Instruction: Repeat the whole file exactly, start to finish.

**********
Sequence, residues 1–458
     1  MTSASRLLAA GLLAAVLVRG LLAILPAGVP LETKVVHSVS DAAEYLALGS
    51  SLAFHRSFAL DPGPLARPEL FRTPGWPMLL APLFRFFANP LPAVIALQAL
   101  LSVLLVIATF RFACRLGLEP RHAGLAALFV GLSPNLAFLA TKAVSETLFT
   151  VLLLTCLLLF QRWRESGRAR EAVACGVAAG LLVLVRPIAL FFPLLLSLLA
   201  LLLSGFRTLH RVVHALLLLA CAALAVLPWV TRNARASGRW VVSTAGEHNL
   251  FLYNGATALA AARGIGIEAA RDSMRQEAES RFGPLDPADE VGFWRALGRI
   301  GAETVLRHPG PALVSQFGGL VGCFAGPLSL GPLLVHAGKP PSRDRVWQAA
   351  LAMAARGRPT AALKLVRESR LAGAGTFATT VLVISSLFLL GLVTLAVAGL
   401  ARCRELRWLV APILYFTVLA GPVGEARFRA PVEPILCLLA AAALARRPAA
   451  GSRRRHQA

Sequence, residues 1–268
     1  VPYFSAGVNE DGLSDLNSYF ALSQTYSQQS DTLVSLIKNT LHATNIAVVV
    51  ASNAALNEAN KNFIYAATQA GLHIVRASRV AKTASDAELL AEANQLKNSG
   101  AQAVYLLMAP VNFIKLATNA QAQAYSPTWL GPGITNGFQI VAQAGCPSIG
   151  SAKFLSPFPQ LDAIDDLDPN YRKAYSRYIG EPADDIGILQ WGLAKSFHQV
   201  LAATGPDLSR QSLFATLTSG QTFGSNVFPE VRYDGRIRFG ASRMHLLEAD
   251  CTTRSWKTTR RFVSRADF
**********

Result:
Sequence, residues 1–458
     1  MTSASRLLAA GLLAAVLVRG LLAILPAGVP LETKVVHSVS DAAEYLALGS
    51  SLAFHRSFAL DPGPLARPEL FRTPGWPMLL APLFRFFANP LPAVIALQAL
   101  LSVLLVIATF RFACRLGLEP RHAGLAALFV GLSPNLAFLA TKAVSETLFT
   151  VLLLTCLLLF QRWRESGRAR EAVACGVAAG LLVLVRPIAL FFPLLLSLLA
   201  LLLSGFRTLH RVVHALLLLA CAALAVLPWV TRNARASGRW VVSTAGEHNL
   251  FLYNGATALA AARGIGIEAA RDSMRQEAES RFGPLDPADE VGFWRALGRI
   301  GAETVLRHPG PALVSQFGGL VGCFAGPLSL GPLLVHAGKP PSRDRVWQAA
   351  LAMAARGRPT AALKLVRESR LAGAGTFATT VLVISSLFLL GLVTLAVAGL
   401  ARCRELRWLV APILYFTVLA GPVGEARFRA PVEPILCLLA AAALARRPAA
   451  GSRRRHQA

Sequence, residues 1–268
     1  VPYFSAGVNE DGLSDLNSYF ALSQTYSQQS DTLVSLIKNT LHATNIAVVV
    51  ASNAALNEAN KNFIYAATQA GLHIVRASRV AKTASDAELL AEANQLKNSG
   101  AQAVYLLMAP VNFIKLATNA QAQAYSPTWL GPGITNGFQI VAQAGCPSIG
   151  SAKFLSPFPQ LDAIDDLDPN YRKAYSRYIG EPADDIGILQ WGLAKSFHQV
   201  LAATGPDLSR QSLFATLTSG QTFGSNVFPE VRYDGRIRFG ASRMHLLEAD
   251  CTTRSWKTTR RFVSRADF